Mark, one thing that you have to remember is that everybody's eyes are a bit different. What you percieve as being gray may be blue-gray to another person. That all is a bit different than the patterns of weathering that some want to do. Weathering on a loco will be a lot less than a freight car would be because the locos are tended to while a car would just be left to it's own defenses against the crud that builds up on them. You can often see a car with rust but a loco wouldn't have any rust on it unless it si a small railroad that is having severe problems with maintaining their locos. Even back in the '30s when all of the major railroads had fininancial problems, the locos were properly maintained as to rust and so forth. Even the engineers and firemen took care of the little things to keep the locos looking better than the loads that they pulled. Leave the heavy weathering to the cars and keep the locos in a more clean state and you will be a lot more prototypical than that of those that heavily weather their locos.
-- Why do penguins walk so far to get to their nesting grounds?
Reply to
Bob May
"Boston & Maine Trackside" has numerous color photos of steamers from the 1950's. There is a shot of P4a Pacific 3712 starting a rail fan trip in 1952. Her paint is dead black, still shows a good deal of gloss, and she is clearly right off the wash rack. She is some 15 years old and will be scrapped in the next 5 years. But in this photo she looks brand new. So those of us that like that clean and 'fresh from the paint shop' look can indulge outselves and point to prototype photos to justify our models. I actually modeled this locomotive. Dispite the photo showing her as glossy black, I painted the model with dark gray auto primer, dead flat, and she looked pretty good that way and photographed beautifully. Same book has plenty more photos of steamers. A goodly number of them are dirty, show a dark gray, dead flat, no hint of gloss left in the paint.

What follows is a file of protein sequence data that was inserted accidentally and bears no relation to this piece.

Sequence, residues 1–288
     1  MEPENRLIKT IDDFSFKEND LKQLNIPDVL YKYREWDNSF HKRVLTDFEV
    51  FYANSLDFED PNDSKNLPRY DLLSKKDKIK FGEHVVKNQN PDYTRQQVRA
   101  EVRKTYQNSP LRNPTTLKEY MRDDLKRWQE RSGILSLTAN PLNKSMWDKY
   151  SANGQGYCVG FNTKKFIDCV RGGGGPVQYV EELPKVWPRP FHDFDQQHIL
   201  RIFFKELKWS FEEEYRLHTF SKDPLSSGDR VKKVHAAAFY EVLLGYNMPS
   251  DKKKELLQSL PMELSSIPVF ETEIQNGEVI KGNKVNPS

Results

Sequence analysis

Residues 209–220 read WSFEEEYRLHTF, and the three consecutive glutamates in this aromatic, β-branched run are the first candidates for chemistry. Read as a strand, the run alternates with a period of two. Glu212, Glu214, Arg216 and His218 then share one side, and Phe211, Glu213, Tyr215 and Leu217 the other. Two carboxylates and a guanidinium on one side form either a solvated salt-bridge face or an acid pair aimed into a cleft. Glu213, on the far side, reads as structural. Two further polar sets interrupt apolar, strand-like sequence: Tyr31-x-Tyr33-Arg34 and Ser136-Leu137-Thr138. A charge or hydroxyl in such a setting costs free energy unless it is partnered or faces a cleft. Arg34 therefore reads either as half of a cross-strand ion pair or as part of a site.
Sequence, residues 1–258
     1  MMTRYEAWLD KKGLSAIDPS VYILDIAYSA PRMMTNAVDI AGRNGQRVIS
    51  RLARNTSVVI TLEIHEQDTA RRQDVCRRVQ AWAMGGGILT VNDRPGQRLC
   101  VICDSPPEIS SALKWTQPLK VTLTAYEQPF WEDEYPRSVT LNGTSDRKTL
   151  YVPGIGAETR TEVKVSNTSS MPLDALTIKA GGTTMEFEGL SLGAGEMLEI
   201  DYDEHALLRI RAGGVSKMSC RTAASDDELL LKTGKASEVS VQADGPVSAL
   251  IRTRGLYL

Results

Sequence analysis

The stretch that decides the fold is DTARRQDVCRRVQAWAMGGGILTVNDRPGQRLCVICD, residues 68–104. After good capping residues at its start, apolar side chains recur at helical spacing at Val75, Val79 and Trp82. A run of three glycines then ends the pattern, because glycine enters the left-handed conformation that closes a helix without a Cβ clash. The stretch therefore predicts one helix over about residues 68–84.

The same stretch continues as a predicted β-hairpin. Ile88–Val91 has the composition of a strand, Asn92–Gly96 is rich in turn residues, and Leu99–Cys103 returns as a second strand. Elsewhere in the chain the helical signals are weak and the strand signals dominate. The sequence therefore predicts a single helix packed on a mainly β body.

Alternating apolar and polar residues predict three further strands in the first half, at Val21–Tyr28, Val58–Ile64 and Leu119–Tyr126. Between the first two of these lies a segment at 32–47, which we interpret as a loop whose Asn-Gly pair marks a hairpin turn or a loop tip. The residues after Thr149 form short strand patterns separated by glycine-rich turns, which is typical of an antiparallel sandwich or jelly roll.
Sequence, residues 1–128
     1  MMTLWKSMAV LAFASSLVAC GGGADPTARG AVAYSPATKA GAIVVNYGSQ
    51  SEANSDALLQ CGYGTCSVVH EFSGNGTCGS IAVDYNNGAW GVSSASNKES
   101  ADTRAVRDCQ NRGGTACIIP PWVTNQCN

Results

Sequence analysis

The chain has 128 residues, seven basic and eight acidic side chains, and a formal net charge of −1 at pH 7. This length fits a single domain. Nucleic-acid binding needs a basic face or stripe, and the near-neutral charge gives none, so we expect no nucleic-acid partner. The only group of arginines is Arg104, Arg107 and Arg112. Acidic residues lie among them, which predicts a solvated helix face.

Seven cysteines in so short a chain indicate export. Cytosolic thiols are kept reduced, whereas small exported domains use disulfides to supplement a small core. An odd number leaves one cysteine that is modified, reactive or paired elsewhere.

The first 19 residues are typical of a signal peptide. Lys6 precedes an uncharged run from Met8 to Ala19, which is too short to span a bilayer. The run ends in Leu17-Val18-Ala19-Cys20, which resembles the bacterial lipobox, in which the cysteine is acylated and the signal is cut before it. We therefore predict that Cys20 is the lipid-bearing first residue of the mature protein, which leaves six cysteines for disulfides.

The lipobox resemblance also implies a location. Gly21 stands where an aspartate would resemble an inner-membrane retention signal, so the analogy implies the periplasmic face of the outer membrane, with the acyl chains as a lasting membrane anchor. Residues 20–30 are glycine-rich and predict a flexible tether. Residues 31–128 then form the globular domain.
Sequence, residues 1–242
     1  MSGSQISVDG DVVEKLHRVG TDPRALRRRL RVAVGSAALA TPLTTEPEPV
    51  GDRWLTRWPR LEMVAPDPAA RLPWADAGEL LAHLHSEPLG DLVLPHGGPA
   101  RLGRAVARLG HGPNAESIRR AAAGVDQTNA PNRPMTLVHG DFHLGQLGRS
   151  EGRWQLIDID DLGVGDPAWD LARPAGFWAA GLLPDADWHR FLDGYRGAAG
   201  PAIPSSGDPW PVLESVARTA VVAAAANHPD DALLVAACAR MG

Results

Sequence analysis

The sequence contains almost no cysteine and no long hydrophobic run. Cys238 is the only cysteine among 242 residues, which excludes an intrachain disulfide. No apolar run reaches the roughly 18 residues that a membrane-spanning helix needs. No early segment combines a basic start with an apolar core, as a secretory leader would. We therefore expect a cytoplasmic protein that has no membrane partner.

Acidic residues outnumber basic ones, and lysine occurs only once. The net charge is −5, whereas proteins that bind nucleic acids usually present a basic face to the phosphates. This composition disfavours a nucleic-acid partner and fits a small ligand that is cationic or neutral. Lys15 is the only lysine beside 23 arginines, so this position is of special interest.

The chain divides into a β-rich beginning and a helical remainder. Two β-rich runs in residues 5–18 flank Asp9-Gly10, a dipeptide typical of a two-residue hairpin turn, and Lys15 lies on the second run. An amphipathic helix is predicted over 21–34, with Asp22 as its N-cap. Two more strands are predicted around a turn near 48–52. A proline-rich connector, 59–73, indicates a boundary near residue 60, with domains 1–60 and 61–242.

David Starr
snipped-for-privacy@mtholyoke.edu wrote:
Reply to
David J. Starr
Excellent examples of weathered stam that don't look much like the two most recent articles on the subject.
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Tourist line. :-( I never refer to them as their locos usually receive far too much attention. :-)
Another excellent exmple of a loco weathered mainly by rain washing the drud down from the upper levels of the locomotive.
Usually, yes. But not as clean as a loco right out of the box. Even my model of the last steam engine to be shopped by my GER has a light weathering coat even though, in theory, it's only been out of the shops for a couple of days. No photo as yet on my web site I'm afraid.
-- Cheers Roger T.
Home of the Great Eastern Railway